Nothing deep today, just getting something off my chest and on the record (I heard that’s what blogs are for): It drives me nuts when people–dare I suggest that Americans are especially prone?–don’t know how (not) to use the words like and unlike.
Just to avoid the charge of snobbism, I’ll take an example from my very own (and very British) employer, The Economist, where an esteemed colleague this week let the following slip into the sub-headline (what we call the “rubric”) of an article: Unlike in America, terrorism in Europe is often home-grown
Now the exegesis, which I will also take from my esteemed employer, since we happen to have an (in)famous style guide (memorizing it may be the best investment you ever make in your life; I’m still working on it):
Under the entry for Like, Unlike, Johnny Grimmond, the Style Guide’s author, writes in his genius style:
Like and unlike govern nouns and pronouns, not verbs and clauses. So as in America not like in America, as I was saying, not like I was saying, as Grandma used to make them, not like Grandma used to make them, etc. English has no unas equivalent to unlike, so you must rephrase the sentence if you are tempted to write unlike in this context, unlike at Christmas, or unlike when I was a child.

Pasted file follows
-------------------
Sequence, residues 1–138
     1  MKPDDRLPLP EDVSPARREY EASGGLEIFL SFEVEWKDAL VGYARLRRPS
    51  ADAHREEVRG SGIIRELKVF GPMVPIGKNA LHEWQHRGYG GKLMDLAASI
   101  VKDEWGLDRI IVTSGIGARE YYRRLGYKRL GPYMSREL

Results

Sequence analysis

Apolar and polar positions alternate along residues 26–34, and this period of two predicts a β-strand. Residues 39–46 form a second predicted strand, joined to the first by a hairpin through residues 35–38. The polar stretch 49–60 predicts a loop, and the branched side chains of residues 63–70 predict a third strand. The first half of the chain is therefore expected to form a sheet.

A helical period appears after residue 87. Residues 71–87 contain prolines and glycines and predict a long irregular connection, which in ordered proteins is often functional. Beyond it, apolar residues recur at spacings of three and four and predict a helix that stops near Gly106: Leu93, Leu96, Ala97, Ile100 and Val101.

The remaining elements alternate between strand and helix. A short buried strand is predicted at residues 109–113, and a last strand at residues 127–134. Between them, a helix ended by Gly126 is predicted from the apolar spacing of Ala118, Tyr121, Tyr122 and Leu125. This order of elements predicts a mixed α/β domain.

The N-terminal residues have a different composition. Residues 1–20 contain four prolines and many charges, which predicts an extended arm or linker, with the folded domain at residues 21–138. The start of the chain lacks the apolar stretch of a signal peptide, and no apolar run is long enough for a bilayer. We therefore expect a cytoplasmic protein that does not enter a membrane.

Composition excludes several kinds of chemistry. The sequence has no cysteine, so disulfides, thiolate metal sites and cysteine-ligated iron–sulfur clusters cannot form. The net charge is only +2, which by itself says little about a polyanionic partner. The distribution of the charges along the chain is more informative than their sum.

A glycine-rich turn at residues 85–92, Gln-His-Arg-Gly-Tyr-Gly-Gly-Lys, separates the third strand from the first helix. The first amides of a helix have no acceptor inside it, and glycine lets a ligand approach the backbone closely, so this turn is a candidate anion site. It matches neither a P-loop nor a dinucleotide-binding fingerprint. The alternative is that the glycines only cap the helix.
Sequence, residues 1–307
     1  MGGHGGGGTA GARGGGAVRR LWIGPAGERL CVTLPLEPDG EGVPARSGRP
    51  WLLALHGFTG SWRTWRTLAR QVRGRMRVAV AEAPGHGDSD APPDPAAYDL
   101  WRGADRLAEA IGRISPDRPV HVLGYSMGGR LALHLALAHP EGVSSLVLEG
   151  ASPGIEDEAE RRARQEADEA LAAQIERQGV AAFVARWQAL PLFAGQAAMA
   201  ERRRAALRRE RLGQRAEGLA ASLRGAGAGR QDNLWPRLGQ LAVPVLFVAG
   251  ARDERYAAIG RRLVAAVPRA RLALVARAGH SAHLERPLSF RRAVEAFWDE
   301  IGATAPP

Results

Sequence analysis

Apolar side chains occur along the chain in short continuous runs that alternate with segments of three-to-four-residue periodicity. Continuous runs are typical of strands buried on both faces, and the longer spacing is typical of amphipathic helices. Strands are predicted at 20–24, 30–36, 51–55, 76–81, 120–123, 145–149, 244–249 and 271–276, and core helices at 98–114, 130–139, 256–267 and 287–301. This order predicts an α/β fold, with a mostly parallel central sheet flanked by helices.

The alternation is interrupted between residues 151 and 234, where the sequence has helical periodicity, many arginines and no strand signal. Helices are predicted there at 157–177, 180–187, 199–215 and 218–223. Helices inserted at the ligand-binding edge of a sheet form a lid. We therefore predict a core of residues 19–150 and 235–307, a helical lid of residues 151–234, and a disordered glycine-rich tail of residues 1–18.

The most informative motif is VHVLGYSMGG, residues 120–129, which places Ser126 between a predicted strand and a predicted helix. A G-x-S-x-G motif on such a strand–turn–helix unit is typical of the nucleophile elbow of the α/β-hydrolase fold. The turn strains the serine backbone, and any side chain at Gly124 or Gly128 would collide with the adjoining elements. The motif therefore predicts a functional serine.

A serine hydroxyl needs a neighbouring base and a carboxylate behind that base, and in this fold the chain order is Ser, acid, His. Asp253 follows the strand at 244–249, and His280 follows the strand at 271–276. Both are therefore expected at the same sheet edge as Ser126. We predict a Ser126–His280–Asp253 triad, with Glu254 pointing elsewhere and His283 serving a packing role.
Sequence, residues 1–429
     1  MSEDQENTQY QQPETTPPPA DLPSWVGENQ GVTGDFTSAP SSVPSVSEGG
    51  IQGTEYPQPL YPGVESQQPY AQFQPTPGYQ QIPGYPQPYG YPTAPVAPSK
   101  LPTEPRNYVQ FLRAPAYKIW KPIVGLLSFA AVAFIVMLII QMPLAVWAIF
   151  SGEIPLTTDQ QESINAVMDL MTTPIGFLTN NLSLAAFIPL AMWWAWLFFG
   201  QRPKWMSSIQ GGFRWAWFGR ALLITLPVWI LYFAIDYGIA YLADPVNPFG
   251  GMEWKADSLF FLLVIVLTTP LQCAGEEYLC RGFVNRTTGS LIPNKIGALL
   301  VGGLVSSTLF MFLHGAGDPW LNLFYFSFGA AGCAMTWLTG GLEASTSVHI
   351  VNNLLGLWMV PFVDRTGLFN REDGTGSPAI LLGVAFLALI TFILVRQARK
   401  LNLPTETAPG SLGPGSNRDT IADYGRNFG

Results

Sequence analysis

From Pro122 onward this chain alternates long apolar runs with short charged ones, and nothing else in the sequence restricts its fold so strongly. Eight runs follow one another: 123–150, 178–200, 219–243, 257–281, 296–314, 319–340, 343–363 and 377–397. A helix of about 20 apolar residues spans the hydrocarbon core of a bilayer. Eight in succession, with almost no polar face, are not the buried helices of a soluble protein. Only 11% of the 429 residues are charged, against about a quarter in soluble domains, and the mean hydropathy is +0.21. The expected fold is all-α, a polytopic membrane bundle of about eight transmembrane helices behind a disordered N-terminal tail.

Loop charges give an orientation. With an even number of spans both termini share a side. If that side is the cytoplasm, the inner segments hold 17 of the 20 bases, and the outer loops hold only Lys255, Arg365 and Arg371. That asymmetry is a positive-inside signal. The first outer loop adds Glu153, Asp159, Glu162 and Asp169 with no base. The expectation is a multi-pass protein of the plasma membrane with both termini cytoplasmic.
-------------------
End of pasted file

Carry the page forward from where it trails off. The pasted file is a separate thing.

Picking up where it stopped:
If you find yourself writing She looked like she had had enough or It seemed like he was running out of puff, you should replace like with as if or as though, and you probably need the subjunctive: She looked as if she had had enough, It seemed as if he were running out of puff.
Like the hart panteth for the water brooks I pant for a revival of Shakespeare’s “Like You Like It”. I can see tense draftees relax and purr/When the sergeant barks, “Like you were.”/And don’t try to tell me that our well has been defiled by immigration;/Like goes Madison Avenue, like so goes the nation. — Ogden Nash
Fine, so what could my colleague’s rubric have said instead? The easiest re-write would have been: Europe, unlike America, often suffers home-grown terrorism.